What will happen then, if “radical” Syriza will win the election? Actually not much. Tsipras, comforted by opinion polls among his fellow citizens, does not consider the Grexit option. He will sit at the negotiating table to try to obtain for his country a substantial restructuring of debt, and for Europe change towards a more Keynesian policy. If on the latter objective it is hard to imagine that substantial progress will be made, debt restructuring in some form will probably happen. First, because as we said above, it seems to be an unavoidable event, just waiting for the political conditions to be reunited. And second, because Greece will negotiate from a position of strength. Its primary budget surplus (a proof, if needed, that contrary to widespread beliefs Greece actually did its homework; and painfully so), and the low share of debt held by private investors, around 15%, would allow it not to be subject to market pressures in case of exit and default.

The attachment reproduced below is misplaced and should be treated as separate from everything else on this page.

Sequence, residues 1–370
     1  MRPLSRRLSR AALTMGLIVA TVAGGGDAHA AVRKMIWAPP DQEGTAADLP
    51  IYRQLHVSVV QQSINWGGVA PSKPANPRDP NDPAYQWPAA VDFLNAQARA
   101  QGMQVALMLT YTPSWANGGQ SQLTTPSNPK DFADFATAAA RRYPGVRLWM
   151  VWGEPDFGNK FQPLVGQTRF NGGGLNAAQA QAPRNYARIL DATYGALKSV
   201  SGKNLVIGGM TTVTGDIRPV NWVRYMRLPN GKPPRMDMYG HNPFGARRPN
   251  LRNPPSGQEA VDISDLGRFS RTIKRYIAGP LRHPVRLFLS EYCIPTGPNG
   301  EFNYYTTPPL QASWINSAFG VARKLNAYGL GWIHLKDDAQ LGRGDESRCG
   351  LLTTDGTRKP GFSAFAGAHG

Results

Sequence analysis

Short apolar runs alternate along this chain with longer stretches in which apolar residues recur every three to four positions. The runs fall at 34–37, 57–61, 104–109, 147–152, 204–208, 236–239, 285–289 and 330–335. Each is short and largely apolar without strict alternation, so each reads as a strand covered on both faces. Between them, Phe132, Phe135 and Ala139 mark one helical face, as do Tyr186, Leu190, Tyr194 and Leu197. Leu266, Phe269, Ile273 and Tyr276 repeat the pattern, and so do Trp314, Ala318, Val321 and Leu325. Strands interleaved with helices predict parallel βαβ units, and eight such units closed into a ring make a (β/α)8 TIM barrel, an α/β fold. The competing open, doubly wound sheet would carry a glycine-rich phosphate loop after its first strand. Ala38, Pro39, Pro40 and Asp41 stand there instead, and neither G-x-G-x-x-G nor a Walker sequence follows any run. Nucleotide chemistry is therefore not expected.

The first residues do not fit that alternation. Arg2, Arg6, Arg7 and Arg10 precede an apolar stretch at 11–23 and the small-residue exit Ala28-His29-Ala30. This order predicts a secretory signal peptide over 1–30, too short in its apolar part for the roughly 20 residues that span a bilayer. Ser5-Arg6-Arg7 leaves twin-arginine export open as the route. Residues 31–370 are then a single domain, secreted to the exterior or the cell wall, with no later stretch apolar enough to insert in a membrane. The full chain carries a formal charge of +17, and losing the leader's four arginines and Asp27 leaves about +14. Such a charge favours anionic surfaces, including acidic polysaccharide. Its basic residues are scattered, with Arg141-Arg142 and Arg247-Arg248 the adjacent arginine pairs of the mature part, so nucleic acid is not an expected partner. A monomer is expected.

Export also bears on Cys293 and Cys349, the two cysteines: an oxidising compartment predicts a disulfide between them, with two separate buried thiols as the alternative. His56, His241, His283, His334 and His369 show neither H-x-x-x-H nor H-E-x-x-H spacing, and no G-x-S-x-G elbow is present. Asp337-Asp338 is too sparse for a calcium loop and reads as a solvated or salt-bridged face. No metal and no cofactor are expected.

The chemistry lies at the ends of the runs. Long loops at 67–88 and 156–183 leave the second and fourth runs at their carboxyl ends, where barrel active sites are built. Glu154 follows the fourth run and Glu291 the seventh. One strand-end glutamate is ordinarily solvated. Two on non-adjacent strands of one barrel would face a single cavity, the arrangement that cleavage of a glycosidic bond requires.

And contrary to some declarations that resemble to pre-electoral tactics (the Greek election game is played in the European arena as well), Greece’s exit from the euro would not arrange its European partners either. First, because it would be accompanied by default, and losses for creditors would be significantly larger than in the case of restructuring. Then, probably more important, because Grexit would have unpredictable contagion effects on other peripheral economies, which not hazardously today look with concern to the increasingly harsh tones used in particular by the German Government. In case of a Syriza victory Angela Merkel will most probably soften the tone and agree to negotiate. It is hard to imagine that orthodoxy will go as far as to push Greece out of the euro.